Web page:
Everyone is now calling themselves a Data Scientist. No matter what position I am hiring for, that term is on over 80% of the resumes I look at. It has actually made me start to ignore the term because it is not a differentiator of talent any more.
Increasingly, there is a desire to cluster observations based on how they change over time. Do they increase, decrease, stay the same? Are they consistently high, consistently low, or do they go up and down? Are some more complex in their changes than others?
The rate at which data is being generated by business and the world at large is rapidly exceeding the speed at which leaders are equipping themselves to work with data.
The more coding I do, the more sensitive I become to inefficiency. Here are ten hacks I use regularly to try to minimize distractions and keep up my production pace.
My genealogical research on my great-great-grandfather revealed a tragically sad story.
I was interested in finding out what it was about someone during that short interaction that determined whether or not someone viewed them as a match. This is a great opportunity to practice simple logistic regression if you’ve never done it before.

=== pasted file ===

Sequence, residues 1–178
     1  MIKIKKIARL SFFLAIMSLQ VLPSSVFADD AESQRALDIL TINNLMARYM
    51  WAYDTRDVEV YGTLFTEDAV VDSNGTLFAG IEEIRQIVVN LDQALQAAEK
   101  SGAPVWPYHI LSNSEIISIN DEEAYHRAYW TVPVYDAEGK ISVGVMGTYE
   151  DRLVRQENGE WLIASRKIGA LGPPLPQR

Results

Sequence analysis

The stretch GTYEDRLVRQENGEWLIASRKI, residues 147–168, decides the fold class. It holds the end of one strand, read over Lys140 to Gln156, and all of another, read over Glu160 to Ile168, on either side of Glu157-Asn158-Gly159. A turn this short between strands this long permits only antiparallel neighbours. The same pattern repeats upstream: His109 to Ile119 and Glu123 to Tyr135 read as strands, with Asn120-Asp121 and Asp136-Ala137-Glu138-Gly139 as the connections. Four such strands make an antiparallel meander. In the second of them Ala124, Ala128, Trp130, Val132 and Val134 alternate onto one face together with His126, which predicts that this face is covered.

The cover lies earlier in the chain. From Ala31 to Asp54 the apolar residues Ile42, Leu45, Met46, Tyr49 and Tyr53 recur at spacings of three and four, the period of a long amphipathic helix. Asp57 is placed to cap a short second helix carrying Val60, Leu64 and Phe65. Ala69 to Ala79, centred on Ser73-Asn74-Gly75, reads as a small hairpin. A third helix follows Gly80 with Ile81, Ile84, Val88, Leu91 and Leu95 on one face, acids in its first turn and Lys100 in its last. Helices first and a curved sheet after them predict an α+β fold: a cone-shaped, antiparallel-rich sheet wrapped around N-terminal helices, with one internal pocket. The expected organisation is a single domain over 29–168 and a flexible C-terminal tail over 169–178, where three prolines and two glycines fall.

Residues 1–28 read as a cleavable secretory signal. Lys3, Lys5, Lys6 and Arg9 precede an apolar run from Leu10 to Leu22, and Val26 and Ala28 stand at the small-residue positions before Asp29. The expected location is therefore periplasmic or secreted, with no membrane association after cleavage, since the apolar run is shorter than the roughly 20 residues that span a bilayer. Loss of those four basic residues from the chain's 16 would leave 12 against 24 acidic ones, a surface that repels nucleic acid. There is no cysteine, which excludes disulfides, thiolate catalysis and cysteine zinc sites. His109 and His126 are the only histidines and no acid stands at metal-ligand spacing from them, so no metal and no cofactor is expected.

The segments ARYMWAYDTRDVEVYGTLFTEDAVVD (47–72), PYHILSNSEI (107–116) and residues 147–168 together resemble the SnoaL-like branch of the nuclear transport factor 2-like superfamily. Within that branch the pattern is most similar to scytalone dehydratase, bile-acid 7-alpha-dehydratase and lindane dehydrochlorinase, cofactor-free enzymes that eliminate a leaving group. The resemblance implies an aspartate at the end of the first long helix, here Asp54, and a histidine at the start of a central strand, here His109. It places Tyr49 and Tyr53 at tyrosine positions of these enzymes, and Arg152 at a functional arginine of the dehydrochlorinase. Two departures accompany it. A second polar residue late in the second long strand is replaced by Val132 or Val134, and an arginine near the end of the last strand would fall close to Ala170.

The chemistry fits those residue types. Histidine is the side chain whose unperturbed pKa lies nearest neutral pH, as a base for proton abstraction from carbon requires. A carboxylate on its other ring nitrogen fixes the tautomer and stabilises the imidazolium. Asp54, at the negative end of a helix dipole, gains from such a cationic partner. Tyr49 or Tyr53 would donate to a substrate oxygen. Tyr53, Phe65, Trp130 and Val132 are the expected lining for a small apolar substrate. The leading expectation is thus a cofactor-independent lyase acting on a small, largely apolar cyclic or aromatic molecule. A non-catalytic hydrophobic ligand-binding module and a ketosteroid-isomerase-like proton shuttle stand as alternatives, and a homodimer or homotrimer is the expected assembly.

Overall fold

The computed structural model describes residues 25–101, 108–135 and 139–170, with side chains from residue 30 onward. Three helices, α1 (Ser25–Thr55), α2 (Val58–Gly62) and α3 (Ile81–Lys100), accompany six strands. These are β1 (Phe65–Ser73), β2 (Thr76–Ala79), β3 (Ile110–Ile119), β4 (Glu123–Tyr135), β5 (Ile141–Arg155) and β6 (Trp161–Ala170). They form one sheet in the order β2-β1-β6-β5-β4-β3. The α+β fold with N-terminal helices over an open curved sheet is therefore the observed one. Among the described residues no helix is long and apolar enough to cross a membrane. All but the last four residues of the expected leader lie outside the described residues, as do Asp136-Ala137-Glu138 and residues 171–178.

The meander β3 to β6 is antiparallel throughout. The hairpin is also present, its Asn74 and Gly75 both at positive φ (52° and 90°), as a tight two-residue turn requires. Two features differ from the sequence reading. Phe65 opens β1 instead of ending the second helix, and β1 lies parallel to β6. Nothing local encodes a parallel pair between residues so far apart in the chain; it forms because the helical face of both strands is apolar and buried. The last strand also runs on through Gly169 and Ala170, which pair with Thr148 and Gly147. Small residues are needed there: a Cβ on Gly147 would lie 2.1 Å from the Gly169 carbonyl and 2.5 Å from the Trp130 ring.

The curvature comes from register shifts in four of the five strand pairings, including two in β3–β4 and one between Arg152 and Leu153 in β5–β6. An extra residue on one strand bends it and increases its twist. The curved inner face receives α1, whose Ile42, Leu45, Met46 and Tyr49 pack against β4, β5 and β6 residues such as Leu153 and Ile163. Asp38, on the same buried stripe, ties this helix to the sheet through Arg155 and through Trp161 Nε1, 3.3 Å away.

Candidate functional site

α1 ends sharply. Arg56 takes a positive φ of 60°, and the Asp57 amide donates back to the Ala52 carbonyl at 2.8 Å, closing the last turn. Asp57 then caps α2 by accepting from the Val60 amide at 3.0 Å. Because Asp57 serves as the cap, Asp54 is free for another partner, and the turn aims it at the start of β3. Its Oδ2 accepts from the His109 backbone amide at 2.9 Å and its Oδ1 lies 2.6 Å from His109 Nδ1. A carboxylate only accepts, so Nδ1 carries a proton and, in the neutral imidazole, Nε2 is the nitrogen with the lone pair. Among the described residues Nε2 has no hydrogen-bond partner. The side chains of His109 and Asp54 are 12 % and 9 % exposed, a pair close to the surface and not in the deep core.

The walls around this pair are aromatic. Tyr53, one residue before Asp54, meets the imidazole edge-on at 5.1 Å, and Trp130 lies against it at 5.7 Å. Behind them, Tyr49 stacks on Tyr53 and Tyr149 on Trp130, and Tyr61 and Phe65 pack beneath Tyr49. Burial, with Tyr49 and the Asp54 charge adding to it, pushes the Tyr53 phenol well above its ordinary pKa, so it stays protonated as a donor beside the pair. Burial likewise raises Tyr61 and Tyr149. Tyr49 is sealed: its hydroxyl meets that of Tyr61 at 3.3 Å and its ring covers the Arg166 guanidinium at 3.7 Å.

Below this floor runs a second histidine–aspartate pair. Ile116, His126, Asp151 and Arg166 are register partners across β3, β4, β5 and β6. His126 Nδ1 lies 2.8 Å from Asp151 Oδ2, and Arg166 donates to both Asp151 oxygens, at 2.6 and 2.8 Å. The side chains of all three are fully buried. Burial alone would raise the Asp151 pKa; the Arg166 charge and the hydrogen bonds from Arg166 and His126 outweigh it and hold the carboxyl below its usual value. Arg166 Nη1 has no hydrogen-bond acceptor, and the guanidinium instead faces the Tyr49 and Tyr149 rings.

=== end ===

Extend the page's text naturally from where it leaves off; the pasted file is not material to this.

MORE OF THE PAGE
Community detection can help identify a structure in a set of interactions, which has applications to organizational design, but can also be useful in other fields such as digital communications and crime investigation
Failure to follow these words can put patients’ well-being at greater risk, and can open individuals up to ethical and legal challenges about their decision-making. The three words are evidence based practice.
I am convinced that in the 21st century talent management will be the key differentiator of successful organizations. Within a couple of decades, no matter what measure you use, those with the most advanced approach to the recruiting, development and retention of talent will outperform those who lag behind.